This helped to facilitate an effortless execution of Jesus’ final commission to “Go into the whole world and proclaim the gospel to every nation”. Through the Pentecost: History, observances, and significance powerful influence of the Holy Spirit, that small group of unassuming disciples preached tirelessly the Gospel, extending the mission to the entire universe. This marked the beginning of what we have today as the Church. 2000 years later, that same Holy Spirit that came upon the Apostles in the upper room and has guided the Church these past years is made available to each of us enabling us to be participants of the Divine Life. It is noteworthy that Pentecost does not fall on a set date each year but is always held between May 10 and June 13. This is because Pentecost depends on the timing of Easter, which is not celebrated on a fixed date. The word Pentecost comes from the Greek word ‘Pentikostí’, which means fiftieth. And so, it’s celebration comes up 50 days after Easter and celebrated 10 days after the ascension of Jesus to heaven. Priests wear red vestments on Pentecost.
The red symbolising the tongues of fire that came to the apostles at Pentecost and gave them the ability to speak and understood any language to enable them to spread the word of God. Flames, wind, a dove and the breath of God are some of the symbols that are used to represent the Holy Spirit during Pentecost. Pentecost is often called the ‘birthday of the church’ as it was the day the Holy Spirit came upon the disciples and they began to proclaim boldly the Gospel. At Pentecost, the Church shows herself as one, holy, Catholic and apostolic; she shows herself as missionary, with the gift of speaking all the languages of the world, because the Good News of God’s love is destined for all peoples. As opposed to what occurred with the tower of Babel (see Gn 11: 1-9), when people wanted to build a way to heaven with their hands, in Pentecost the Spirit, with the gift of tongues, demonstrates that his presence unites and transforms confusion into communion.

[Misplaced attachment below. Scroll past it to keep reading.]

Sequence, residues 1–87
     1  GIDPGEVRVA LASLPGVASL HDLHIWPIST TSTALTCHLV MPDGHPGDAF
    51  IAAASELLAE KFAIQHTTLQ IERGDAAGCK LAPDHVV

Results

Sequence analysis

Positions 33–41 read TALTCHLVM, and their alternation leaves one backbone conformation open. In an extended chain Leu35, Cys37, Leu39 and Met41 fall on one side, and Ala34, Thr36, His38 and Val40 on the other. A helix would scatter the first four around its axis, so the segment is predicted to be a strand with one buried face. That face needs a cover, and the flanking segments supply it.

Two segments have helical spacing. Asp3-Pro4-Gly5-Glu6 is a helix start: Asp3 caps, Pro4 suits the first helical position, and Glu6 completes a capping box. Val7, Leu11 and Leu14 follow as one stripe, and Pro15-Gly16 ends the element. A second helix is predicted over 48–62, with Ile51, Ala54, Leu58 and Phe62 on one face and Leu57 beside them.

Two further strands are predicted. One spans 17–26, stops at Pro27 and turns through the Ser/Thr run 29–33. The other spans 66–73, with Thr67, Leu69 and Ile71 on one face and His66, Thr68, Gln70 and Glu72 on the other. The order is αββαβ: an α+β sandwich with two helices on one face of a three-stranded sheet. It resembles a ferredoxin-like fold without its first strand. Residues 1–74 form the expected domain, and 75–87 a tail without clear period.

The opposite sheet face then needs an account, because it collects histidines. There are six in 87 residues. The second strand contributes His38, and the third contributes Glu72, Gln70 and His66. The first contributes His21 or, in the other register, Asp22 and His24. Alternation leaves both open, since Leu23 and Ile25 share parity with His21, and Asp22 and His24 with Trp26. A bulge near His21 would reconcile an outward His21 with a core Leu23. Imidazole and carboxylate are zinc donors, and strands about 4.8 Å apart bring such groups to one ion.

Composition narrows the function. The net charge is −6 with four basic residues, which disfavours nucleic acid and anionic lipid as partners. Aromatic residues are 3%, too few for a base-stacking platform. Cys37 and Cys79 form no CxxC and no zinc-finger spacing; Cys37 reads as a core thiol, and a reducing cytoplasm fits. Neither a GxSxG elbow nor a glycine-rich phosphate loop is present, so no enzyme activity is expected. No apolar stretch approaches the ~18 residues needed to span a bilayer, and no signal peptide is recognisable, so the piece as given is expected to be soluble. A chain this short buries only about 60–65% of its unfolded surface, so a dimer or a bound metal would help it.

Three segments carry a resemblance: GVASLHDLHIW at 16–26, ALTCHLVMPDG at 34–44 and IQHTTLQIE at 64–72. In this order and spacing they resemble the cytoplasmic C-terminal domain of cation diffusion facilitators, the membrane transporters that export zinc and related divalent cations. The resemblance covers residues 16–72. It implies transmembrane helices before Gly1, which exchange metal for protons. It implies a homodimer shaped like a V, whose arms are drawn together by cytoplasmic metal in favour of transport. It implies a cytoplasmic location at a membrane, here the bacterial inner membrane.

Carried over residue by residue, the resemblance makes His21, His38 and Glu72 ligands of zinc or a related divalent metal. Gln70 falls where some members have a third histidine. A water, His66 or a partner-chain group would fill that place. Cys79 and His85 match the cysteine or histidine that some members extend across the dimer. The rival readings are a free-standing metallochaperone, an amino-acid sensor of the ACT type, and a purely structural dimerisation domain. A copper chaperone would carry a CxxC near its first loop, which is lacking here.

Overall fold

Speaking at the Holy Mass on the Solemnity of Pentecost on May 23, 2010, Pope Benedict XVI noted, ‘There is no Church without Pentecost.’ Amidst the seeming sense of hopelessness, the rising rate of insecurity, and the numb reaction from the government, how is this Solemnity of Pentecost particularly significant for us? One of the effects of the Holy Spirit upon the apostles was its ability to dispel their fears and bestow on them courage and serenity. They were not afraid because they knew they were in the hands of the strongest One. Wherever the Holy Spirit enters, he sends fear to flight; he reassures us that we are in the hands of an omnipotent loving father; whose infinite love never abandons us. The flame of the Holy Spirit is one which blazes but does not consume or burn. The Holy Spirit, the life-giving breath of God is always with us in this world, ready to be our advocate, solace, support and counsellor. He is like a radio station on perpetual broadcast. What is needed only is for us to re-focus our own spirits and awareness to the Spirit of God.
Then we will enjoy the understanding, fortitude, peace, joy and harmony that God gives and be able to bear the fruits of the Holy Spirit in our lives and those around us. The oldest Novena in the Church is the Novena to the Holy Spirit which was instituted by Christ himself when he sent his apostles back to Jerusalem to await the coming of the Holy Spirit. Most of us have prepared ourselves for this indwelling with this novena, we must now surrender ourselves for his outpouring (Rom 6:13, Eph 5:18). When we desire the Holy Spirit like our next breath of air, then we will find Him (John 7:37-39). In the words of Pope Francis, the Holy Spirit teaches us to see with the eyes of Christ, to live life as Christ lived, to understand life as Christ understood it. May the Virgin of listening, the Mother of the Church, who was present at the upper with the disciples obtain for us all a renewed outpouring of the Holy Spirit, the Paraclete. “Emitte Spiritum tuum et creabuntur, et renovabis faciem terrae – Send forth your Spirit, and they shall be recreated, and you shall renew the face of the earth”. Amen.